noun, plural ces·ti [ses-tahy] /ˈsɛs taɪ/.
Origin of cestus1
noun, plural ces·tus·es. Roman Antiquity.
Origin of cestus2
Examples from the Web for cestus
Cestus, ses′tus, n. the girdle of Venus, which had power to awaken love: an ancient boxing-glove loaded with lead or iron.
This cestus was a fine parti-coloured girdle, which, as Homer tells us, had all the attractions of the sex wrought into it.The Tatler, Volume 3|Various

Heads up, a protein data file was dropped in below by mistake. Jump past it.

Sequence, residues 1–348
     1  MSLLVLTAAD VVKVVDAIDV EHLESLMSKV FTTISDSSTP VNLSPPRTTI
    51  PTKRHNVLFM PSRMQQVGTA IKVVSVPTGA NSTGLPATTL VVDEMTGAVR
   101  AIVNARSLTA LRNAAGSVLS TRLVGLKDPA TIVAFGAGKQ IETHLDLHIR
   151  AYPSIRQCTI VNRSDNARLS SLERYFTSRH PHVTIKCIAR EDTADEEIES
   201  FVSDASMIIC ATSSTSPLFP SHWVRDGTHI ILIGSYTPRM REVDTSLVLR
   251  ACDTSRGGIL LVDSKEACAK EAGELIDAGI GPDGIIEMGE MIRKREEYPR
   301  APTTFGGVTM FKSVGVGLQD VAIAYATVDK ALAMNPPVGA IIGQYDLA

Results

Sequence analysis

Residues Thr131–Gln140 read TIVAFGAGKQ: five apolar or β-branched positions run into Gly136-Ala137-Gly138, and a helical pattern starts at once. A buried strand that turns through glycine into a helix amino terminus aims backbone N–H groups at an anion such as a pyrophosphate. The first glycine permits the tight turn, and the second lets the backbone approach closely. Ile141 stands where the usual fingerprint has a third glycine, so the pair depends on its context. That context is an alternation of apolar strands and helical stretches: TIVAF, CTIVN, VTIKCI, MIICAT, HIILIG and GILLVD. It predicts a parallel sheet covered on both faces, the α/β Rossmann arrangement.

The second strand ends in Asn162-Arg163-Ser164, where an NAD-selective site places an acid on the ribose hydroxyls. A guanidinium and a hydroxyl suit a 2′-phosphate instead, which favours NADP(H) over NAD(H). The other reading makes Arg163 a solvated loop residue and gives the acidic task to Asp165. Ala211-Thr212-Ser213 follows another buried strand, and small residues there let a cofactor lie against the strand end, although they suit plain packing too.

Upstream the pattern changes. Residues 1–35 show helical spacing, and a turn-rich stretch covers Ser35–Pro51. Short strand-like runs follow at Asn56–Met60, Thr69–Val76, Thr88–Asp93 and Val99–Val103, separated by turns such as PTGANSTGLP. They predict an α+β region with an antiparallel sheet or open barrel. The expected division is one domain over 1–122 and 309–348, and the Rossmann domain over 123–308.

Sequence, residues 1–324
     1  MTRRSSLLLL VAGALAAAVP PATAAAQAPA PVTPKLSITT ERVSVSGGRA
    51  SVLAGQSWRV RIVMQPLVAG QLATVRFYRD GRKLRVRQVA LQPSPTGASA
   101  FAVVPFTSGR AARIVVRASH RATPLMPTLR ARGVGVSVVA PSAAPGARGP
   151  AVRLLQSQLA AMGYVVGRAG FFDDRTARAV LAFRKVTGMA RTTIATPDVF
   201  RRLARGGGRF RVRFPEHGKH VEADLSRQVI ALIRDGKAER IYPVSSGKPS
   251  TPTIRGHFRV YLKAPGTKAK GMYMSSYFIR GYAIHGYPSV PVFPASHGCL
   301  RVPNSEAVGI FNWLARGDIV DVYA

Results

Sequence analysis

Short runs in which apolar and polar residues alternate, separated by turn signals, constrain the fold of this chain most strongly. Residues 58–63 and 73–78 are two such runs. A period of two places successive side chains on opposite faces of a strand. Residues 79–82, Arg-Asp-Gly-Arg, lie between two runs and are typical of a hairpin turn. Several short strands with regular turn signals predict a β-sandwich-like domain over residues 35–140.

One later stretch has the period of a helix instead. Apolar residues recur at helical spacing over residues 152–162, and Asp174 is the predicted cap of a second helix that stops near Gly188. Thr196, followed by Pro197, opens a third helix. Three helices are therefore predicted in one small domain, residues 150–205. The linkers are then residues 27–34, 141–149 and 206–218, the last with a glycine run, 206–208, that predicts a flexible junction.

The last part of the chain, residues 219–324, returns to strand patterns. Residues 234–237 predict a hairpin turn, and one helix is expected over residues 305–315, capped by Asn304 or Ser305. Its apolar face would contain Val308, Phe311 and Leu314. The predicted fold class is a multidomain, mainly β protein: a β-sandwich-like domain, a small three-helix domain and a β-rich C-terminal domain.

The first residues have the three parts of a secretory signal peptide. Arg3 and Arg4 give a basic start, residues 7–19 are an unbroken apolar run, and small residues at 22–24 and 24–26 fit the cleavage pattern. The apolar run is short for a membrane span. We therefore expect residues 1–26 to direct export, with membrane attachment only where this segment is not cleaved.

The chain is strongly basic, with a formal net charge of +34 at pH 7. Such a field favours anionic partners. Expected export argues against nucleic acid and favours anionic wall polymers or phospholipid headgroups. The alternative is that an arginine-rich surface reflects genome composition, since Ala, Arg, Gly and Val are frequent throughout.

Her cestus or girdle holds all the magic of passion, and is borrowed even by Hera when she wishes to win her fickle lord.Myth, Ritual And Religion, Vol. 2 (of 2)|Andrew Lang
He cared no more either for the prowess of two combatants who, wearing a cestus on the left arm, fought with sticks.The Works of Theophile Gautier, Volume 5|Theophile Gautier
Jupiter might as soon keep awake when Juno came in best bib and tucker, and with the cestus of Venus, to get him to sleep.Household Papers and Stories|Harriet Beecher Stowe